This paper examines young workers' beginning engagement in learning tbrough work, placing it in the context of Australian policy on entry-level training. Eleven young people were followed through their first year of full-time work and tbe significant adults involved in their working and learning lives were also interviewed. The study demonstrates that the presence of a contract of training (an apprenticeship or traineeship) is a strong predictor of a young worker's propensity to regard the workplace as a learning environment. However, unsatisfactory interactions with employment or training providers can create disillusionment with policy interventions that are meant to assist. Moreover, the babit of learning through work is not only a junction of policy and training frameworks, but is also affected by individuals' abilities to learn how to learn. The paper concludes by arguing that, for those young people starting work who are not in a contract of training, additional assistance may be required in order for them to continue the habit of lifelong learning in the new environment of work.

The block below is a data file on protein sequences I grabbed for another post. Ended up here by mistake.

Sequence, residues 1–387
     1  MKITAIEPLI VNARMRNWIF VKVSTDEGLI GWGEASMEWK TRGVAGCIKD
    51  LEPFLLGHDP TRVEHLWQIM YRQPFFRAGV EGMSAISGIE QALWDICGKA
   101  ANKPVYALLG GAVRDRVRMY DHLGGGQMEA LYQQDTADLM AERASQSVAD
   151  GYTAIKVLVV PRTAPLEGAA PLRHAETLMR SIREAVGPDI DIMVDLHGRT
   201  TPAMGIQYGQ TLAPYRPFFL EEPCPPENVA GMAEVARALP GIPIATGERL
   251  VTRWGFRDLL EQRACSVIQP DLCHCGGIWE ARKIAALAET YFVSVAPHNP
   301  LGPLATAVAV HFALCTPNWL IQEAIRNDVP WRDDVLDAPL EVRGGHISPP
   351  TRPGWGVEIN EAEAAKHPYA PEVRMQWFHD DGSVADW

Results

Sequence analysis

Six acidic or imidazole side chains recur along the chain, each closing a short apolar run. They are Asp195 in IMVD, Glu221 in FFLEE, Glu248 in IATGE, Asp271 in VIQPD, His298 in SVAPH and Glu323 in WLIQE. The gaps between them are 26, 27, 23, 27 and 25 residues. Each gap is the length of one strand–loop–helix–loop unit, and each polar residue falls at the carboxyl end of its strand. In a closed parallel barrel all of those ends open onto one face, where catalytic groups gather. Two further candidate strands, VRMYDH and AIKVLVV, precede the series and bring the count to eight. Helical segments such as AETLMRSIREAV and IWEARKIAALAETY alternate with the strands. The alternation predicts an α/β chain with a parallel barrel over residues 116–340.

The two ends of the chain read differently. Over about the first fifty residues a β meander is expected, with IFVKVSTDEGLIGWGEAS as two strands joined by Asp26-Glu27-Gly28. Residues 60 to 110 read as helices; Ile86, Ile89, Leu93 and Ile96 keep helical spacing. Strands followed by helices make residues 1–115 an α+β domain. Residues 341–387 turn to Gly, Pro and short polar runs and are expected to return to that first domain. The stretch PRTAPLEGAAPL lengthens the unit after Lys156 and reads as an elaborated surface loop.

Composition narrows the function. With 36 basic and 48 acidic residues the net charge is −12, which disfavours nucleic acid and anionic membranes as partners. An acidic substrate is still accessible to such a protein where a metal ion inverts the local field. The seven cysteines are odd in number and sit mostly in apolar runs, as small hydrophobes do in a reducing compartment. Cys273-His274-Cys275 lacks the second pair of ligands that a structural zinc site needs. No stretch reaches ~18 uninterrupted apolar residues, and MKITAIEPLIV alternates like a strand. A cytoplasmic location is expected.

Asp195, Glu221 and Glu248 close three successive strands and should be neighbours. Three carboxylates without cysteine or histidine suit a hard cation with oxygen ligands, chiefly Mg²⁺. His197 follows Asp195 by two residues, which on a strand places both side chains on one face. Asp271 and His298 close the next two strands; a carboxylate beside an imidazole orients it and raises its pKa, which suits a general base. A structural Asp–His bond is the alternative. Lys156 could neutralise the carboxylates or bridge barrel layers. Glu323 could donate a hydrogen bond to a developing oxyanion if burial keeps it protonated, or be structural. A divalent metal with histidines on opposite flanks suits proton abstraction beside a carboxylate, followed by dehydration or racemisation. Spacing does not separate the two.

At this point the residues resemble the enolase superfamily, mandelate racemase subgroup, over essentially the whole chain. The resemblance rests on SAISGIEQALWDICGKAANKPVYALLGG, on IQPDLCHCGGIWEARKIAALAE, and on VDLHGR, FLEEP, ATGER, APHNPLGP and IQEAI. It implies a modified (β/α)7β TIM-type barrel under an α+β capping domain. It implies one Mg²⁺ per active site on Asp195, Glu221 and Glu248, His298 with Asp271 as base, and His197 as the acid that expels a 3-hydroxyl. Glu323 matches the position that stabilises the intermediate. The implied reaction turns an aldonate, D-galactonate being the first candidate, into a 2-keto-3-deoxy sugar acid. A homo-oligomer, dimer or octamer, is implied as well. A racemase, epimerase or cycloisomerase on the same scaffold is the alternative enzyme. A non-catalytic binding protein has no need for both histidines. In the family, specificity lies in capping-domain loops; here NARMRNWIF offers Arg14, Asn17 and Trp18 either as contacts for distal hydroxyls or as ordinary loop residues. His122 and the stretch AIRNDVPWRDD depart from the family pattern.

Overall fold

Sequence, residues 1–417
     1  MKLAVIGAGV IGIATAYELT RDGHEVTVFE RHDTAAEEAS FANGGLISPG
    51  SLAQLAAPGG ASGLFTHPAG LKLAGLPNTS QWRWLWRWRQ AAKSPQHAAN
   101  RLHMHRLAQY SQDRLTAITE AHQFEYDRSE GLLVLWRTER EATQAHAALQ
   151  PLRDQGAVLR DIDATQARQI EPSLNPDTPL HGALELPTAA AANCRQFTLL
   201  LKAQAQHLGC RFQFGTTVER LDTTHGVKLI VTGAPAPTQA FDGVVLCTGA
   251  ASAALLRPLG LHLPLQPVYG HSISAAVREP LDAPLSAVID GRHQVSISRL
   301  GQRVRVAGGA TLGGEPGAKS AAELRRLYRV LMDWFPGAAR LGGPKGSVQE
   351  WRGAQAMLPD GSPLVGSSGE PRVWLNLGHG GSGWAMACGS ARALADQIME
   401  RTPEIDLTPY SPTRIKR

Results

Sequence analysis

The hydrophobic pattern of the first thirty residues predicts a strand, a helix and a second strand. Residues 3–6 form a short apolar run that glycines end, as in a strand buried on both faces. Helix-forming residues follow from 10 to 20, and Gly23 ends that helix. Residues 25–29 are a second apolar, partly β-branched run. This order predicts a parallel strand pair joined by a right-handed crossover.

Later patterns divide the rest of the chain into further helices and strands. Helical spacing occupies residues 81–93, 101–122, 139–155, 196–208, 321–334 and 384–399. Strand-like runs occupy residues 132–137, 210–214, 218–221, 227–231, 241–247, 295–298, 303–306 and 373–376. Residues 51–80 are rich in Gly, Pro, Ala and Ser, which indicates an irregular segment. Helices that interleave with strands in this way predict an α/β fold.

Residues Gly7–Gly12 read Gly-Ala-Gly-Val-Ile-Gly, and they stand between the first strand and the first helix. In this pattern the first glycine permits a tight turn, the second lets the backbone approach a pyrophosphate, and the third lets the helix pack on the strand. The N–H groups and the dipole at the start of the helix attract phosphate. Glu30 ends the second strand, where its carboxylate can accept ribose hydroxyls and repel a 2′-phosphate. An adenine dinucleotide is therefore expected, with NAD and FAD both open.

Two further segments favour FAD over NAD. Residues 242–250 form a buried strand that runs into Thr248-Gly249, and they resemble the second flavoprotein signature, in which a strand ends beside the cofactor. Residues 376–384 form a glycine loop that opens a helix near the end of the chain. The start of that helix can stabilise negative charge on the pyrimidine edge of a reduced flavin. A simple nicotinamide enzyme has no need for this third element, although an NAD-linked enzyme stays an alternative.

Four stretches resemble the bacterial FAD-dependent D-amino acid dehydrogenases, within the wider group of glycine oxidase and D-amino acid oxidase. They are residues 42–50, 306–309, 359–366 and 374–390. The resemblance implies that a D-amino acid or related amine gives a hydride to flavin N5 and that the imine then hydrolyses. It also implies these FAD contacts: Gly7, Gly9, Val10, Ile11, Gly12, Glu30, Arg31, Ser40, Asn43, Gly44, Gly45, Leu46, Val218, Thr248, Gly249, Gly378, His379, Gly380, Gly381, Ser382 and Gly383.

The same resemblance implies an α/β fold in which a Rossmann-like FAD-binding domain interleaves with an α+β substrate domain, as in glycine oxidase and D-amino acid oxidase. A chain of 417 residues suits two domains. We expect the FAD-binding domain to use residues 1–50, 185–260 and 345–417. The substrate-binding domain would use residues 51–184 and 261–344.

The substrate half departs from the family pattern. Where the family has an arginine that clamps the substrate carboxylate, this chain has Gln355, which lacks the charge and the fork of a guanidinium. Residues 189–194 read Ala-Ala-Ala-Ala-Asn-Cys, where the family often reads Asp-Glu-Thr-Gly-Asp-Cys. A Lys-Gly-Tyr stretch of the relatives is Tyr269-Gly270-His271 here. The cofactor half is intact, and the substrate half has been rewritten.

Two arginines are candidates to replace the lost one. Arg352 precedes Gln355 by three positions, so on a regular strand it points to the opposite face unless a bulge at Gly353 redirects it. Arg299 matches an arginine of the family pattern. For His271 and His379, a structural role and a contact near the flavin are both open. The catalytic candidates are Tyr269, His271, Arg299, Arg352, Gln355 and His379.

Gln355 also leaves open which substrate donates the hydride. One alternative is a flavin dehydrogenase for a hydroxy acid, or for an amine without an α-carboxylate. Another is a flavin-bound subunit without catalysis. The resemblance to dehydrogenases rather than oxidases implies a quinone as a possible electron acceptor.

|Number of pages||21|
|Journal||Australian Educational Researcher|
|Publication status||Published - 2004|